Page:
Improving economic conditions have resulted in payroll employment being down just 1.5% from where it was in January 2008, the start of the recession, and up by 4.6% since the trough in July 2009.  Single family permitting activity is up 1.9% on a seasonally adjusted monthly average basis from the trough set in March 2009.  While new homes are being built in many parts of the Evansville MSA, activity is now primarily centered in Vanderburgh County with some construction also taking place in Warrick County.

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Improving Markets Index: Longview, TX MSA

March 6, 2012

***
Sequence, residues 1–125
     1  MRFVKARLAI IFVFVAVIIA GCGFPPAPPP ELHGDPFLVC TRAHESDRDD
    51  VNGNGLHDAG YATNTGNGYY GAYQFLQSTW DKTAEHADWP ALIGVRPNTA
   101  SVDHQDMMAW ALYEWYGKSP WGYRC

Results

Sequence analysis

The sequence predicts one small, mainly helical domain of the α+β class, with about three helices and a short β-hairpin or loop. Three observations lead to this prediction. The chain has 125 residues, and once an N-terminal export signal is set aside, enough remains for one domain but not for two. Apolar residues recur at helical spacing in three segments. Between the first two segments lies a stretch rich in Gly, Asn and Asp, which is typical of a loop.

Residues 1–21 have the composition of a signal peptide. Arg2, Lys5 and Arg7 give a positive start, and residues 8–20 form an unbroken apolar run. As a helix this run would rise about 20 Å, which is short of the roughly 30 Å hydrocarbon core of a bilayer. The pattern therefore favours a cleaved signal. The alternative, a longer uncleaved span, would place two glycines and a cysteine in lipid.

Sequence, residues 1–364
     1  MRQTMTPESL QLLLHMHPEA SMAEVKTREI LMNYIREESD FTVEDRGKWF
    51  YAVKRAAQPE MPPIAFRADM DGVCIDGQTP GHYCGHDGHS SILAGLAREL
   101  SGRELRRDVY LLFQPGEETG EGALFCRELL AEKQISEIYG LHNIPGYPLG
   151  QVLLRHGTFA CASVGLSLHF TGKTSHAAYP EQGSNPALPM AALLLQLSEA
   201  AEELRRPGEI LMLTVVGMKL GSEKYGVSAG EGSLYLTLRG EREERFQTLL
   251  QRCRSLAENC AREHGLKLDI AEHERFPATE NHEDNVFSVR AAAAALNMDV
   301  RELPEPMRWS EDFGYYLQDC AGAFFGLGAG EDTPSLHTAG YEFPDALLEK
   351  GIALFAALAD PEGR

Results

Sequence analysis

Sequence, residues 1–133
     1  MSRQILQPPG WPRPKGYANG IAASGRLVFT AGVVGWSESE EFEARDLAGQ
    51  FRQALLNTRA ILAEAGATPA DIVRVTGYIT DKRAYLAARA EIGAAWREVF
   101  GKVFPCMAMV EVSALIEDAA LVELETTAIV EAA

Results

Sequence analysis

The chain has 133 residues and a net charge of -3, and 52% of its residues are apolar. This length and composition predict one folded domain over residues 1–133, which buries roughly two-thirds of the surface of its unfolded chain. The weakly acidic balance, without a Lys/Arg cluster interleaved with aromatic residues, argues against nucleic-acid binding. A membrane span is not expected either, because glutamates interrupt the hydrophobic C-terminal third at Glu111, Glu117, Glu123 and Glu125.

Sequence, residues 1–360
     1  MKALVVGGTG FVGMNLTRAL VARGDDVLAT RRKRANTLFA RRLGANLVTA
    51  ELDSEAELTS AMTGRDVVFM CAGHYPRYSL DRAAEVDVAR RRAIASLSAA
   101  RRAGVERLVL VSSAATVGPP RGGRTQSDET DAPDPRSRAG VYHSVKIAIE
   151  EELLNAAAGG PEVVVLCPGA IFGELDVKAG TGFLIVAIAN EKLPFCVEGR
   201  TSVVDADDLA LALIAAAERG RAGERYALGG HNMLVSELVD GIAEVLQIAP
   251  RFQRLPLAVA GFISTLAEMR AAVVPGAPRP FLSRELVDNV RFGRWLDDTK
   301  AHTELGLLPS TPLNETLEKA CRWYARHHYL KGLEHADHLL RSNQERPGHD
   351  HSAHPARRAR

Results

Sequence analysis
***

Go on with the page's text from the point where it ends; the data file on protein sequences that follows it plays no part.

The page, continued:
NAHB recently unveiled an index that tracks housing markets on the mend, the NAHB/First American Improving Markets Index (IMI).  The IMI is intended to draw attention to the fact that housing markets are local and that there are metropolitan areas where economic recovery is underway.  The index measures three readily available monthly data series that are independently collected and are indicative of improving economic health.  The three are employment, house prices and single family housing permit growth.

For the sixth release 98 markets are currently classified as improving under a conservative examination of local economic and housing market conditions.  Among these areas is the Longview, Texas metropolitan statistical area (MSA).